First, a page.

Recreational Fishing Facing Disastrous Closures
From The Outdoor Wire
WASHINGTON, DC - The Congressional Sportsmen's Foundation (CSF) briefed members of Congress yesterday on two simultaneous disasters impacting recreational fishing caused by the effects of the oil spill in the Gulf of Mexico and the total closure of substantial ocean fisheries by the National Oceanic & Atmospheric Administration (NOAA).
The Gulf oil spill threatens an ever expanding portion of the fishable waters in the Gulf, as well as the over 300,000 jobs and $41 billion in yearly economic activity supported by recreational anglers and boaters in the region. A recent American Sportfishing Association study determined that 85 percent of recreational fishing-dependent businesses cannot survive the fallout without immediate financial assistance.
"Thirty-two percent of the Gulf of Mexico is now closed to any and all recreational activities because of this catastrophe," said U.S. Senator David Vitter of Louisiana. "There are over 2,300 bait and tackle shops and thousands of other related businesses operating in this area and the millions of dollars in lost income threatens their very existence."
"We need the support of the Congressional Sportsmen's Caucus to ensure that recreational fishing is explicitly addressed in legislation aimed at the Gulf oil spill," said Jeff Angers, President of the Center for Coastal Conservation and CSF Board Member. "Specifically, it needs to be aimed at protecting and rebuilding key fisheries with research and data-gathering efforts now, and providing financial relief to businesses such as bait and tackle shops."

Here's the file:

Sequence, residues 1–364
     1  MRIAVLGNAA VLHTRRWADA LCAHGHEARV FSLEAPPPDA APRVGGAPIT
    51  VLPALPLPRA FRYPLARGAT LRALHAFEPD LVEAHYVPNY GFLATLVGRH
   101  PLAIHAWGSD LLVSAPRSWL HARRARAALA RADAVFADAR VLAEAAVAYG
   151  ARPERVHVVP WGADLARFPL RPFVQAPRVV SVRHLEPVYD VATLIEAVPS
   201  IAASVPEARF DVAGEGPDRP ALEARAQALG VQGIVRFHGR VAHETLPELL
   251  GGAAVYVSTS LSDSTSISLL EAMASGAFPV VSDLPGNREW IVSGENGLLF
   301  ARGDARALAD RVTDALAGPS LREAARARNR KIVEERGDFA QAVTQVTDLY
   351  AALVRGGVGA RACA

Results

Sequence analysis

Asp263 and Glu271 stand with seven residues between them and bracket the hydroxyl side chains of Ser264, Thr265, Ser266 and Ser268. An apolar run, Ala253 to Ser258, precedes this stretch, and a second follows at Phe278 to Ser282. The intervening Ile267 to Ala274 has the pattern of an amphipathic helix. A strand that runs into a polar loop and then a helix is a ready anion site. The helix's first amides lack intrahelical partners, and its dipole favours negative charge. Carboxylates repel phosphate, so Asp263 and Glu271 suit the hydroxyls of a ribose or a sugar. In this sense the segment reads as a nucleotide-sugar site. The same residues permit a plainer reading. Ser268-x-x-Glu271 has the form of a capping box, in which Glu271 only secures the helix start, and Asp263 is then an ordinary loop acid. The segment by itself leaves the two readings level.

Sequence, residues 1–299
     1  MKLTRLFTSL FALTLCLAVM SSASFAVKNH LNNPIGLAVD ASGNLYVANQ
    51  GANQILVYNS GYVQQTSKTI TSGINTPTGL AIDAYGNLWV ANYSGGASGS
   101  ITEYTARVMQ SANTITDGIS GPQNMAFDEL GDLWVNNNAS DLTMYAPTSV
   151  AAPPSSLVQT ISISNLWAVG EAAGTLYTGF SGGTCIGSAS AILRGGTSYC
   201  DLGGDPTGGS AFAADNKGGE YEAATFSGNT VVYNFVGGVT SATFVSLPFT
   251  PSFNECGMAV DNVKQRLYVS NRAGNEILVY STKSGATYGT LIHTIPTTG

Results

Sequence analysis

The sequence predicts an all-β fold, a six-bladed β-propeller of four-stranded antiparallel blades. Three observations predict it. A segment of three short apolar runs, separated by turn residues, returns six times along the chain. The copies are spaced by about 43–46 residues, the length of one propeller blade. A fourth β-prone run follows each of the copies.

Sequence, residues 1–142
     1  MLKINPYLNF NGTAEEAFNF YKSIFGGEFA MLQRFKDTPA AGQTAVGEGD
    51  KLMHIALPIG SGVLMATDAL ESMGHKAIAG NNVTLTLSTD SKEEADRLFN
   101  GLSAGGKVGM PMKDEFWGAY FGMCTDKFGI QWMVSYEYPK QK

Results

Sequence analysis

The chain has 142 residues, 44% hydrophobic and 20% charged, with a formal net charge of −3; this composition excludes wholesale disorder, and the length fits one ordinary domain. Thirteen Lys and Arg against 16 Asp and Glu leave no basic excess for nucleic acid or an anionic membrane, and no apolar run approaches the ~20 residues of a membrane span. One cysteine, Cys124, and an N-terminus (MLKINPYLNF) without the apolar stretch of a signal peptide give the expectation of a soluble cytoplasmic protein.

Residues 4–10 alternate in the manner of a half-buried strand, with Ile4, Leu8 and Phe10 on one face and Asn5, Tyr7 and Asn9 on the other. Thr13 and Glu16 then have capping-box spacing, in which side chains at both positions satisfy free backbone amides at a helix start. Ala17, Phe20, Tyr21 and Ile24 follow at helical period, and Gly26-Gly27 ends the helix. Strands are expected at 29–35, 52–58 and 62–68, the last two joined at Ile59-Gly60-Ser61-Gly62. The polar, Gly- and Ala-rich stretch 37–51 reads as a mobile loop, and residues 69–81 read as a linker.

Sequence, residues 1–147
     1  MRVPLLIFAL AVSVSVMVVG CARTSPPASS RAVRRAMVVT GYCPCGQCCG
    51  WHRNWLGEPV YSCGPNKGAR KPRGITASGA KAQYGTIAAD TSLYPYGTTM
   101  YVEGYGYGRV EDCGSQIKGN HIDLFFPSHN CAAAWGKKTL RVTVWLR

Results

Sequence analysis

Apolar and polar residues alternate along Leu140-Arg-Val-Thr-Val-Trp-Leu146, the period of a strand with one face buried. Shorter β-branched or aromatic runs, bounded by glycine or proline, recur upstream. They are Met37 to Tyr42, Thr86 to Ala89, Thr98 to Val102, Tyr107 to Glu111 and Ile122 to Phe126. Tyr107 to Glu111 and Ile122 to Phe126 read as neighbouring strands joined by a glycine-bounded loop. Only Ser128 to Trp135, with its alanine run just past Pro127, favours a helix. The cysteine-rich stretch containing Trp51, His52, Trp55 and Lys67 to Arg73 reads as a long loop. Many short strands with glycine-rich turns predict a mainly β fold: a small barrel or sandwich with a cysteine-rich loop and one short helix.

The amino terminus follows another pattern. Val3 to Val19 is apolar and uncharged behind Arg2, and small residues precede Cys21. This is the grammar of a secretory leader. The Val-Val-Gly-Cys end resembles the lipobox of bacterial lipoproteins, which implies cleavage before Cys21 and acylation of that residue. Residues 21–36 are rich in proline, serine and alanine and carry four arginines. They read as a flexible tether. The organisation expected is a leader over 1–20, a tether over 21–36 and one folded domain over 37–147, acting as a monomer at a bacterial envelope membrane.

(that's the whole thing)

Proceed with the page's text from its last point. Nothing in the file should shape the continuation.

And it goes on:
Another disaster impacting sportfishing and boating is the continued closing of important recreational angling in thousands of miles of U.S. marine waters by NOAA Fisheries. The recreational fishing and boating industries and the industries who serve them contribute $82.3 billion to the U.S. economy every year and support nearly 534,000 jobs.
"NOAA is attempting to cut off thousands of miles of valuable recreational fishing areas without sound scientific reasoning and by utilizing faulty fish population data," said CSC Co-Chair Rep. Dan Boren. "At no time in our history has there been more of a need for hard, accurate science regarding our marine resources."
On January 4, 2010, NOAA Fisheries closed the South Atlantic red snapper fishery, and yesterday the South Atlantic Fishery Management Council agreed to a red snapper ban in a 5,000-square-mile area off the coast of Georgia and northern Florida in water ranging from 98 to 240 feet, effectively closing the entire area to any bottom fishing.
CSF and fellow members of the fishing and boating communities, on behalf of the 13 million saltwater anglers and the businesses and jobs that depend on them, are working with the Congressional Sportsmen's Caucus to ensure that recreational angling and boating are addressed in legislation targeted to address the oil spill, and a need for new legislation to protect and preserve key saltwater angling areas utilizing proper research and data gathering efforts under provisions set forth in the Magnuson Stevens Act (MSA).
"The legislative responses needed to address this one-two punch is crucial to the nation's anglers and the tens of thousands of businesses and Americans whose income and jobs depend on them," said CSF President Jeff Crane. "The large area fishing closures from NOAA's implementation of the MSA, along with expanding closures as a result of the oil leak will keep anglers away off the water, undermining the financial basis for fisheries conservation through the Wallop-Breaux user fees and state license fees."
The congressional briefing was held in conjunction with the Center for Coastal Conservation, American Sportfishing Association, Coastal Conservation Association, International Game Fish Association, National Marine Manufacturers Association and The Billfish Foundation.
Lance Lemmonds (202) 543-6850 ex 19
Photo from U.S. Fish & Wildlife Service
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